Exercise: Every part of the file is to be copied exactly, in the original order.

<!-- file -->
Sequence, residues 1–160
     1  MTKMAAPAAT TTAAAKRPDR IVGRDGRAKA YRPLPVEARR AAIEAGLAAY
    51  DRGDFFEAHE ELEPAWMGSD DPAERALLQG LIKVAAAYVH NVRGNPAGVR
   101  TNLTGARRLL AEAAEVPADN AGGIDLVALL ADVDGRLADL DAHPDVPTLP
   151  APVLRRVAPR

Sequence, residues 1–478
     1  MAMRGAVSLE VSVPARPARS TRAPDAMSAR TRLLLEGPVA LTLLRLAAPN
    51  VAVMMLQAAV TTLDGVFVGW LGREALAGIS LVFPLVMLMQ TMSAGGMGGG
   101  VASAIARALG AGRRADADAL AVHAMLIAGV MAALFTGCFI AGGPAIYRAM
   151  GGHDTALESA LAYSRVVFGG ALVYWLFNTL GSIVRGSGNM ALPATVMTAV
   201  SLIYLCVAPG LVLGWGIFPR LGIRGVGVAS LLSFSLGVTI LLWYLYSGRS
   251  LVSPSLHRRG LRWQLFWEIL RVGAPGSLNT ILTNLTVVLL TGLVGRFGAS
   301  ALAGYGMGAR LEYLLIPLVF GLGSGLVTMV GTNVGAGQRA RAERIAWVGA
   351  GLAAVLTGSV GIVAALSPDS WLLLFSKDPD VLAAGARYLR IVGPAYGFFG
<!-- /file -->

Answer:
Sequence, residues 1–160
     1  MTKMAAPAAT TTAAAKRPDR IVGRDGRAKA YRPLPVEARR AAIEAGLAAY
    51  DRGDFFEAHE ELEPAWMGSD DPAERALLQG LIKVAAAYVH NVRGNPAGVR
   101  TNLTGARRLL AEAAEVPADN AGGIDLVALL ADVDGRLADL DAHPDVPTLP
   151  APVLRRVAPR

Sequence, residues 1–478
     1  MAMRGAVSLE VSVPARPARS TRAPDAMSAR TRLLLEGPVA LTLLRLAAPN
    51  VAVMMLQAAV TTLDGVFVGW LGREALAGIS LVFPLVMLMQ TMSAGGMGGG
   101  VASAIARALG AGRRADADAL AVHAMLIAGV MAALFTGCFI AGGPAIYRAM
   151  GGHDTALESA LAYSRVVFGG ALVYWLFNTL GSIVRGSGNM ALPATVMTAV
   201  SLIYLCVAPG LVLGWGIFPR LGIRGVGVAS LLSFSLGVTI LLWYLYSGRS
   251  LVSPSLHRRG LRWQLFWEIL RVGAPGSLNT ILTNLTVVLL TGLVGRFGAS
   301  ALAGYGMGAR LEYLLIPLVF GLGSGLVTMV GTNVGAGQRA RAERIAWVGA
   351  GLAAVLTGSV GIVAALSPDS WLLLFSKDPD VLAAGARYLR IVGPAYGFFG